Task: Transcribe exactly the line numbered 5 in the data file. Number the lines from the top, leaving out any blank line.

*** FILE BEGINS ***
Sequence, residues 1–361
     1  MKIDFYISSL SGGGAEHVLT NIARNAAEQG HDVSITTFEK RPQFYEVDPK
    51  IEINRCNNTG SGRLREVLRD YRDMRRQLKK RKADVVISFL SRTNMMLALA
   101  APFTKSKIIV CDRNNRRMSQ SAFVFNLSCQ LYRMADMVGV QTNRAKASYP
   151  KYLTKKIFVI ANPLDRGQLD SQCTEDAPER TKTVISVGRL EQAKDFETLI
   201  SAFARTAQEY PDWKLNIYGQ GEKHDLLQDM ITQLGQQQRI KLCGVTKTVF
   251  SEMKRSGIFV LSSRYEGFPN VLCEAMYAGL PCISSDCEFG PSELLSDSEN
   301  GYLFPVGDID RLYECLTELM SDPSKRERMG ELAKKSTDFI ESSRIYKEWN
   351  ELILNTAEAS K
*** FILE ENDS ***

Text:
   151  KYLTKKIFVI ANPLDRGQLD SQCTEDAPER TKTVISVGRL EQAKDFETLI